PhD Defense by Giuliana E. Salazar-Noratto

Event Details
  • Date/Time:
    • Thursday July 30, 2015 - Friday July 31, 2015
      8:00 am - 9:59 am
  • Location: IBB 1128
  • Phone:
  • URL:
  • Email:
  • Fee(s):
  • Extras:
No contact information submitted.

Summary Sentence: Elucidating the Pathophysiology of Degenerative Joint Disorders for the Prevention of Osteoarthritis

Full Summary: No summary paragraph submitted.

Giuliana E. Salazar-Noratto

BME Ph.D. Proposal

Date: Thursday, July 30th

Time: 8 am

Location: IBB 1128


Thesis committee

Robert E. Guldberg, Ph.D. (ME, Georgia Institute of Technology) (Advisor)

Greg Gibson, Ph.D. (Biology, Georgia Institute of Technology)

Clifton Willimon, M.D. (Children’s Orthopaedics of Atlanta) 

Nick J. Willett, Ph.D. (Orthopaedics, Emory University)

Johnna S. Temenoff, Ph.D. (BME, Georgia Institute of Technology)


Title: Elucidating the Pathophysiology of Degenerative Joint Disorders for the Prevention of Osteoarthritis



Osteoarthritis (OA) is the most common form of musculoskeletal disability, affecting millions of people worldwide. It specially imposes a larger and longer-term burden in the healthcare system when it affects the working or pediatric population. Juvenile Osteochondritis Dissecans (JOCD) of the knee affects adolescent and young adults, and progresses to early onset OA. JOCD initially involves the formation of an avascular lesion in the subchondral bone with secondary effects in the overlaying articular cartilage. During late stages of this disorder, the lesion becomes unstable and the necrotic osteochondral fragment separates from the parent bone. The etiology of JOCD is not fully understood. Previous research has been primarily limited to retrospective clinical studies, thus hampering the understanding and the creation of novel therapeutics for this disorder and its progression to OA.

The objective of this thesis is to elucidate the pathophysiology of JOCD and to explore venues to prevent its progression to OA. We will also study treatment options when OA has already developed. With iPSC technology, we will investigate the pathogenesis of JOCD as well as establish a new in vitro disease model to test potential pharmacological cures for JOCD. We will also develop a small preclinical animal model of JOCD with the ability to emulate early stages of the disorder in order to test novel treatment options, as well as tailor current clinical approaches. Successfully treating JOCD patients at an earlier timepoint should prevent the fragmentation of osteochondral bodies in late stages and early onset of OA in these young patients. For later stages of JOCD or cases in which OA has started to develop, it is imperative that the cartilage is treated along with the bone. Therefore, we will also evaluate the mechanisms of joint degeneration and response to treatment in a well-established OA animal model. Our goal is to elucidate the pathway by which cartilage regenerates in cases where there is an onset of OA. Ultimately, this project will advance our understanding of the mechanisms of joint degenerative joint disorders (JOCD and OA) and potential treatments for the preservation and regeneration of articular cartilage.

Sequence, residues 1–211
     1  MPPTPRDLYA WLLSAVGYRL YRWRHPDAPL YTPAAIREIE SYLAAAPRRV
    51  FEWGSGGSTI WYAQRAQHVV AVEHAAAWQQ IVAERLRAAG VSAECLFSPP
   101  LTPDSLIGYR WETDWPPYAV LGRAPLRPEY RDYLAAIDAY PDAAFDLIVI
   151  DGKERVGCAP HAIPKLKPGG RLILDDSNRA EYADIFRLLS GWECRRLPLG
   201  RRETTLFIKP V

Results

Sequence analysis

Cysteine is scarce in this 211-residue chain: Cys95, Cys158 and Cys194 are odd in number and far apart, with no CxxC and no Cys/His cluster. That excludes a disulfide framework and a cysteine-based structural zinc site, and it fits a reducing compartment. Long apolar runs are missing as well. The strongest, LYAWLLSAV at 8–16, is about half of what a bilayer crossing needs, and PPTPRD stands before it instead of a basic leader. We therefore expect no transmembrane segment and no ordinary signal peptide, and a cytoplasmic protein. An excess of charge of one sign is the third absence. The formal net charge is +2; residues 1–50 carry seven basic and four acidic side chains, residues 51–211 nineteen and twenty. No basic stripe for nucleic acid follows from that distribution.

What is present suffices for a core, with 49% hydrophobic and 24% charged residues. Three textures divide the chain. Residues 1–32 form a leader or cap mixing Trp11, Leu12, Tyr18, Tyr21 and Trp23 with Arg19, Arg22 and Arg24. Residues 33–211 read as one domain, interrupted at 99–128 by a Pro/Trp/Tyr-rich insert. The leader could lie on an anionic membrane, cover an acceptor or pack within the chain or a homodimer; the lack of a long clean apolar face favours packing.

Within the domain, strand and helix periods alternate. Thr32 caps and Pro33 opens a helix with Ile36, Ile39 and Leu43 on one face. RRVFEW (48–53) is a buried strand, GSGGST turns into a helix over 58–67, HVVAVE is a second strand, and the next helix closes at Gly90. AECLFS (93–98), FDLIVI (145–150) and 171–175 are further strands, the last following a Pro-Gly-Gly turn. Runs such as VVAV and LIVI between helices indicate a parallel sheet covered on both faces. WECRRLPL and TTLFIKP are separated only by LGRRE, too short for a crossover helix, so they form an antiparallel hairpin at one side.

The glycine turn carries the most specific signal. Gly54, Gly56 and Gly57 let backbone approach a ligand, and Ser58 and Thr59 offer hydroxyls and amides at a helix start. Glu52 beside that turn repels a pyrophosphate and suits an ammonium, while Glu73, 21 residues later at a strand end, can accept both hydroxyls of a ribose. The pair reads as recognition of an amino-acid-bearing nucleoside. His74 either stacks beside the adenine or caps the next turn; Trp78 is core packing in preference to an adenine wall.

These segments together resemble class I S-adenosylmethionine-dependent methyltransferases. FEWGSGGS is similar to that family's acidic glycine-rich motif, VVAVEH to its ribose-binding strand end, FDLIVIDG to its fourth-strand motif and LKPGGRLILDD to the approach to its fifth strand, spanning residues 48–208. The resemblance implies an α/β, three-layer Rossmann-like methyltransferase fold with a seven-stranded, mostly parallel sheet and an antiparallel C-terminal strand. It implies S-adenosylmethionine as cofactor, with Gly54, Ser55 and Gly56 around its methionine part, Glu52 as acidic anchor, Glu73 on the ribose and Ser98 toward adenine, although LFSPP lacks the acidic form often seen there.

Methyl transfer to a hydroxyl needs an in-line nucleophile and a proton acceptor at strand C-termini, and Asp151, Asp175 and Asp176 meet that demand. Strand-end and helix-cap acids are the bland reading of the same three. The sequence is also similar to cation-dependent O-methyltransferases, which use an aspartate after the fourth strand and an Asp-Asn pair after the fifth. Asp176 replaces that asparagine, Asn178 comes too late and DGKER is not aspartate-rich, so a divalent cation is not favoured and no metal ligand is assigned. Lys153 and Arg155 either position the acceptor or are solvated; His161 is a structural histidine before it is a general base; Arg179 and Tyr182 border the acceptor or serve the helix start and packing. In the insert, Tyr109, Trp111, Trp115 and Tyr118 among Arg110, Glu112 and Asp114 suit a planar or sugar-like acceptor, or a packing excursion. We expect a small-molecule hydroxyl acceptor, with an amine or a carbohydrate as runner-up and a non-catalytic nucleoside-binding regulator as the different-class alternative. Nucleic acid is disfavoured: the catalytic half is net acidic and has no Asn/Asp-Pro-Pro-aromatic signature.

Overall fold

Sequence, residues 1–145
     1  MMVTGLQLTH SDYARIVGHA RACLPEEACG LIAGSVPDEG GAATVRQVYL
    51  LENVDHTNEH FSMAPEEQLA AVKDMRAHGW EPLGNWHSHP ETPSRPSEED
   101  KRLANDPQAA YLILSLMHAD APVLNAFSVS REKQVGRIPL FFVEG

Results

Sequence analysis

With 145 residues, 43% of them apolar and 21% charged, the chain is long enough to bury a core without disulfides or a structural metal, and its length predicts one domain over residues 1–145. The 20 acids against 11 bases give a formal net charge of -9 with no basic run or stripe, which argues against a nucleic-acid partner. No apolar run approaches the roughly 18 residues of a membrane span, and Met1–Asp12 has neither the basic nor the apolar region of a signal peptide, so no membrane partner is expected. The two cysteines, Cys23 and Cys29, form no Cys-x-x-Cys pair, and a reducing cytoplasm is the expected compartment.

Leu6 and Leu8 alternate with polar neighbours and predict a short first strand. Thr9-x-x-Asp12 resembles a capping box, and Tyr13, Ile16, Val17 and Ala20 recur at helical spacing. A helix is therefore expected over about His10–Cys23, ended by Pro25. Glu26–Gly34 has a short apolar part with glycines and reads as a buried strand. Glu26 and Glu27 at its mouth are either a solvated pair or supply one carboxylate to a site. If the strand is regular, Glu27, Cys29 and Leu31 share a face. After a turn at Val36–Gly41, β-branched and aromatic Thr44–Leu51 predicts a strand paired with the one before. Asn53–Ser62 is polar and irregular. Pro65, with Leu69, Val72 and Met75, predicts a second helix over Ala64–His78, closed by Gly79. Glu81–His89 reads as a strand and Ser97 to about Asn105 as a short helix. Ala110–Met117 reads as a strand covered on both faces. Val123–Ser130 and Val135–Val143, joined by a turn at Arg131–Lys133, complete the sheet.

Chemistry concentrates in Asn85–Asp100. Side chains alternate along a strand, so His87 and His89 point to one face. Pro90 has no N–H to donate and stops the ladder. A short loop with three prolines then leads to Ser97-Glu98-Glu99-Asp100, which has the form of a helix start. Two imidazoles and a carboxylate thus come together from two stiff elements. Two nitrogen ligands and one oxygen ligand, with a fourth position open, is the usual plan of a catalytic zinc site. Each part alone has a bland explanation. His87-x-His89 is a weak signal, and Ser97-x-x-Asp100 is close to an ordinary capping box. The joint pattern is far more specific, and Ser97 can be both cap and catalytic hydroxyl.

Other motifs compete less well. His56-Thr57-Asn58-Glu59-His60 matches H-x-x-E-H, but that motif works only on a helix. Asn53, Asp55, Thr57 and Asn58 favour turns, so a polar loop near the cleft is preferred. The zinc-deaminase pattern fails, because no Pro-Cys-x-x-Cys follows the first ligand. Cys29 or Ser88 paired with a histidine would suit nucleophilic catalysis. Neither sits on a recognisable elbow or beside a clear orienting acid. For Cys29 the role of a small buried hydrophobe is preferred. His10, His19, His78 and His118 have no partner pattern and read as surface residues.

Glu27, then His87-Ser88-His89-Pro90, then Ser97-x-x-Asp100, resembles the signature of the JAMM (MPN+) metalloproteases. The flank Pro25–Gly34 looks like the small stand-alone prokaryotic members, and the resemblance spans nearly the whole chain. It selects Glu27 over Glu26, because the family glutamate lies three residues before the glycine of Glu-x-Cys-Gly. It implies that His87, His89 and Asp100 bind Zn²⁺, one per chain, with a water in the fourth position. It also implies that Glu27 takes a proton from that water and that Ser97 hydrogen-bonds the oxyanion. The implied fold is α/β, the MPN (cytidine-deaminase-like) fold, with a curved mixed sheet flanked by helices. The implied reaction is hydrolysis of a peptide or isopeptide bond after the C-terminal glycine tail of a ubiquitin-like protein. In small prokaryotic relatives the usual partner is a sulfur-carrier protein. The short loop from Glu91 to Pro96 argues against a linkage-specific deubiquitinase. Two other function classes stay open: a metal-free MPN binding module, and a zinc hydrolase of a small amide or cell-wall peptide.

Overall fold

Additional Information

In Campus Calendar

Graduate Studies

Invited Audience
Phd Defense
  • Created By: Tatianna Richardson
  • Workflow Status: Published
  • Created On: Jul 21, 2015 - 7:48am
  • Last Updated: Oct 7, 2016 - 10:12pm